1) What inspired you to go to Jordan to work with Syrian refugees?
For the longest time, I repeatedly inquired about trips and opportunities I could partake in to provide aide first-hand. I worked with Syrian refugee families in my local community but wanted to help others who were not as fortunate to find a safe haven.
2) Some people fear that if refugees come to America, they will pose a threat to Americans. Did you ever witness any hostile attitudes toward America?
Ironically, all the refugee families I met, from differing nationalities, have reiterated multiple times that they do not want to come to the US or any other country. They simply want to go back home. They want to return to their original country– to their memories, their people, and their rich cultures. This illustrates that not only are they more concerned with their current situation and desire to rebuild their home countries, but that the last thing on their mind is threatening Americans. Not to mention that I was there helping them as an American and I only witnessed them show nothing but love, appreciation, and acceptance.
3) Did these refugees have any anger toward you because you were American?
No. On the contrary, they considered it a blessing that so many of us from different parts of America came to help them. Multiple people actually thanked us just for being there for them. We didn’t even do anything and they kept praising us.
4) What do you think is the most misunderstood about these refugees?
The biggest misunderstanding about refugees is that they deserve to be in this situation, or that it’s not difficult for them to be impoverished because they are less “civilized” than Westerners. These people have had everything snatched away from them in an instance. Their lives completely changed, and they went from having privileged lives to feeling like a burden on the world. These people fled for their lives from the danger they were placed in. The real issue is that many take advantage of the vulnerability of refugees as use them for political stunts.
5) What impact did this have on your life?
I appreciate everything I take for granted such as a roof over my head, clean drinking water, and an education; I value it more now as I have seen others who yearn to have such things. I know what it means to have privilege because when we would visit the families who lived in camps, in the back of our minds, we knew we were returning to the U.S. Our few hours of exhaustion would fade away but their fatigue remained. Their exhaustion has lasted six years.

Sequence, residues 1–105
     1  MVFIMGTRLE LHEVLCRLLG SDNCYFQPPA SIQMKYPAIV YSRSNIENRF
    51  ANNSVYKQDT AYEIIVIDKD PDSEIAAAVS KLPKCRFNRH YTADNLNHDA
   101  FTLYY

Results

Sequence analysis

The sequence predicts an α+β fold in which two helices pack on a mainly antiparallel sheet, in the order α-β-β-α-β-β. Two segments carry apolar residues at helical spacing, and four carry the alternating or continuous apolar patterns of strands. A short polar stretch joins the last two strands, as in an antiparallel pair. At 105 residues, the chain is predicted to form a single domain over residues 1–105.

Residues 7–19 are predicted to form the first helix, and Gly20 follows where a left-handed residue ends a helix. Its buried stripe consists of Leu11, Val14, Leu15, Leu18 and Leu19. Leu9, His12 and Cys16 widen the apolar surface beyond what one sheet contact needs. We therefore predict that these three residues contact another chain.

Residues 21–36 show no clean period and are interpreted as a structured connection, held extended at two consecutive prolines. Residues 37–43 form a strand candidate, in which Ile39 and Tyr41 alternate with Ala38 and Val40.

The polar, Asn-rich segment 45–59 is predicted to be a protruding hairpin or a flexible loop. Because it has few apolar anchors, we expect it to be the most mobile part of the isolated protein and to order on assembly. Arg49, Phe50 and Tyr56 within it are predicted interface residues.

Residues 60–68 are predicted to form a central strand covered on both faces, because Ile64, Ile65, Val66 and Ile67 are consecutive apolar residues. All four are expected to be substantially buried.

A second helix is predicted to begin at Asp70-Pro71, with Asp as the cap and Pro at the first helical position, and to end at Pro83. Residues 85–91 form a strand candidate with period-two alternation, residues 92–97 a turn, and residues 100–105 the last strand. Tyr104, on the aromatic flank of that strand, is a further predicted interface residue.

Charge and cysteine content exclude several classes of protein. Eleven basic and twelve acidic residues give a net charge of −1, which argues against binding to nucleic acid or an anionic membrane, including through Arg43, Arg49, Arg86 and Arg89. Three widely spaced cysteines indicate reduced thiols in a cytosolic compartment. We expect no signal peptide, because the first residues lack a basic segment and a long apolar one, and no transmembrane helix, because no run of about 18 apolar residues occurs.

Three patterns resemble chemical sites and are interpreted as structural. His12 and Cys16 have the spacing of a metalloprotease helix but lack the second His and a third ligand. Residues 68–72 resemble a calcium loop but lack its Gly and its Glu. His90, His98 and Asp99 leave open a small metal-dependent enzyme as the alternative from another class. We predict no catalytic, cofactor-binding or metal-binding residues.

6) What do these refugees want?
They want to return to a safe and sovereign country. They do not want to burden anyone or go to anyone’s country. They want safety and to provide a good life for themselves and their families.
7) What did you do for the refugees when you were there?
We met and played with refugee children who were orphans and distributed school supplies and backpacks to children for the school year. We allocated food supplies to families that live on the border of Syria and Jordan because they did not have access to the basic necessities of life. We also provided micro homes to families who are facing the worst conditions in addition to presenting a learning center for children who have been deprived of an education for multiple years.
8) If you had to convey one message to Americans about refugees, what would it be?
War is merciless, by all means. These people had futures, professions, memories, and ambitions. They are normal people with families and loved ones. No one should ever endure what they have had to endure for multiple years now. Some mothers lost their children due to the war, in some form or another. Some picked up body parts of their loved ones, some saw their children and babies be burned alive in front of their eyes. Others have been rescued from collapsed buildings, and some even lost their whole families, not just their parents. Many are completely paralyzed, some can no longer see, and many have severe illnesses. It amazes me how their faith is strong in the face of such physical and mental trauma. Many claim that they should have stayed back, but who can tell others to stay back or stay in their country when they are vulnerable and being targeted by all sides of the conflict? When you have civilians running for their lives and being attacked, don’t they deserve to find a safe haven?